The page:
University of Tasmania
whole_FarrellFHiong1997_thesis.pdf (8.29 MB)

Variation in health care use in Australia : demand vs. supply of services?

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posted on 2023-05-27, 00:34 authored by Farrell, F. Hiong
This study raises serious questions with respect to equity and quality of health care in Australia. It attempted to explain the variation in referral rates by general practitioners as a function of respondents' socioeconomic and health characteristics by adopting Andersen's behavioural model of health care utilisation to the Australian context. The study was conducted in three stages. The supply factor - the ratios of health personnel and facilities to population - was dropped from the analyses at Stages 1 and 2 because it was not feasible to obtain these data. Stage 1, using a subset of the National Health Survey 1989/90 data (NHS89/90), examined the factors that determine GP consultation and referral rates at the individual level. Logistic regression analysis findings showed that Andersen's model was better at explaining the probability of consulting a GP than the probability of being referred to other health care services. Results showed that the model correctly predicted 68% of respondents as to whether or not they saw a doctor. This prediction compared to predicting 55% of respondents as to whether or not they were referred to other health care services. Since the characteristics stipulated by Andersen's model were found to contribute to predicting utilisation rates (GP consultation and referral rates) these same variables were used in Stage 2. This stage, using the total sample from the NHS89/90 data, examined variation in referral rates at the aggregate level for the 47 health regions in Australia. Path analysis was used to examine the variance accounted for by these characteristics. The full set of independent variables accounted for 43% of the variance in the referral rates, suggesting that one or more predictor variables might have been excluded from the model. In light of the remaining variance to be explained and literature suggesting the importance of the supply factor a preliminary exploration of its possible contribution was conducted in Stage 3. For this, the two health regions with the highest and the lowest referral rates were compared with respect to the availability of doctors, specialists, x-ray and pathological services. Findings supported the importance of the supply factor. In the region with the highest referral rates, there was a considerable concentration of doctors, specialists and services compared to the region with the lowest referral rates. While the design of the study does not allow one to determine whether the supply factors \drive\" these different rates the findings do raise important questions for further research. In particular research should focus on access and health outcomes. Individual specialist services should be carefully studied as these too can have important cost and health implications."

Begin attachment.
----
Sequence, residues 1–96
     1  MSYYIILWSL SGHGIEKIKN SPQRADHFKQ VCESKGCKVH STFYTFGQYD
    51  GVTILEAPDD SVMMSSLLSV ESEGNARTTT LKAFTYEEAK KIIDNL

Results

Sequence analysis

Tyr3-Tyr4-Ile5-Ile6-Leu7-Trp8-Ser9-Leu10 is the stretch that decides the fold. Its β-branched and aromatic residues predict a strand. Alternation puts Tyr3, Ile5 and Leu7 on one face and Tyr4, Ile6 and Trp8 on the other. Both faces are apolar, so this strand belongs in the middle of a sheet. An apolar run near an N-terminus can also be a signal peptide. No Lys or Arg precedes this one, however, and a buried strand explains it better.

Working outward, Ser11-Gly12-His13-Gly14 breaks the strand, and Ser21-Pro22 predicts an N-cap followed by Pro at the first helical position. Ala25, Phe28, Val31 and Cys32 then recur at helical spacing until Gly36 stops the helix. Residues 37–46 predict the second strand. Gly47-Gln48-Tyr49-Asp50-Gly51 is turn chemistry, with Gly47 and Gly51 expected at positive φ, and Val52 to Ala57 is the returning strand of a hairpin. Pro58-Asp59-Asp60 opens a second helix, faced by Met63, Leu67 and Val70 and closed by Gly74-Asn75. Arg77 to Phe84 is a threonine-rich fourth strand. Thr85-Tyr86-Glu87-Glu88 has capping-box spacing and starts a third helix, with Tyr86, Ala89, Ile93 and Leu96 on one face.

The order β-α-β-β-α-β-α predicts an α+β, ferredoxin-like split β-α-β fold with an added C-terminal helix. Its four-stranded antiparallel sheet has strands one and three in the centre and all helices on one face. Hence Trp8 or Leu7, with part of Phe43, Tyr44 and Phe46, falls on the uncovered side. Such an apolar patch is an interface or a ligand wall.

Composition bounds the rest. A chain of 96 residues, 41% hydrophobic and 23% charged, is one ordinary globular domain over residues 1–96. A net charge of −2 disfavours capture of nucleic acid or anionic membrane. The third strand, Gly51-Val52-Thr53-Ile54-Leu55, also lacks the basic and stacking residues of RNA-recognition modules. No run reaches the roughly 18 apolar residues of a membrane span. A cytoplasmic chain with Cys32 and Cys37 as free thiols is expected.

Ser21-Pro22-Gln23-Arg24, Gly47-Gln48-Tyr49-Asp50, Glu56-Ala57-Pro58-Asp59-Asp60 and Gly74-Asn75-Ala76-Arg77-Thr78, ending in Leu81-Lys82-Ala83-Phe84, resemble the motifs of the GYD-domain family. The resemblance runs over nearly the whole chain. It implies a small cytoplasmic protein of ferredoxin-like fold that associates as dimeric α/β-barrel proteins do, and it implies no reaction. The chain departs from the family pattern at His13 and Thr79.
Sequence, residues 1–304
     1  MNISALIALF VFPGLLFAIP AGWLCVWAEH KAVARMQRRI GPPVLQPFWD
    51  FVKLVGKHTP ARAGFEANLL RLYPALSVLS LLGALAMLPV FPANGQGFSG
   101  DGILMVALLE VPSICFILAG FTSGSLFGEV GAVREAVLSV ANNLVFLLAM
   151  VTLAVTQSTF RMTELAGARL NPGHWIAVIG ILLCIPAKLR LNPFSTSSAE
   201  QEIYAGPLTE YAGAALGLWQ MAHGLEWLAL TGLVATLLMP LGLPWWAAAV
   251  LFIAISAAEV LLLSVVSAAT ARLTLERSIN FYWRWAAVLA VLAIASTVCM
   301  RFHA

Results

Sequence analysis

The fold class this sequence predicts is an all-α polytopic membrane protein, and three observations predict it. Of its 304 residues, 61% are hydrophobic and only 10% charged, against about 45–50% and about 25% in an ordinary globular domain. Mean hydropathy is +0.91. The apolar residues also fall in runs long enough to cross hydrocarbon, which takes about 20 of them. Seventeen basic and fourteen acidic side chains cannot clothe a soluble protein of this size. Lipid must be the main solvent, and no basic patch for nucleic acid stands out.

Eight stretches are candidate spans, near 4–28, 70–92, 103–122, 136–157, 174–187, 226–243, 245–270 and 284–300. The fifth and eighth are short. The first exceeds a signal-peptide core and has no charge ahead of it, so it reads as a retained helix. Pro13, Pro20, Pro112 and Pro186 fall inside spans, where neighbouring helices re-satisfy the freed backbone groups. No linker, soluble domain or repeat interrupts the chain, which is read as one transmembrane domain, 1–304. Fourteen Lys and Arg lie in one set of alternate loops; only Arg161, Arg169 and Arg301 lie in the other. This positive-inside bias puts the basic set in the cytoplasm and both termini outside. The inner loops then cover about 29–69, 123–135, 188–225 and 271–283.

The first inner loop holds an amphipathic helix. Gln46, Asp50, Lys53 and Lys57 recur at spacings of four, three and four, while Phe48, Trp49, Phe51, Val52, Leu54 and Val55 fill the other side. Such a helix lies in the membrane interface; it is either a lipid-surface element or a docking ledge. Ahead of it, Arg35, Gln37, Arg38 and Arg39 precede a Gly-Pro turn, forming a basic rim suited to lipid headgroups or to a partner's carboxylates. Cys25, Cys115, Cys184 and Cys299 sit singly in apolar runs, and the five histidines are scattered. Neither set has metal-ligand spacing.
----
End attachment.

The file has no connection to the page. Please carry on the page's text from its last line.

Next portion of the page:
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Thesis (M.Soc.Sc.)--University of Tasmania, 1997. Includes bibliographical references

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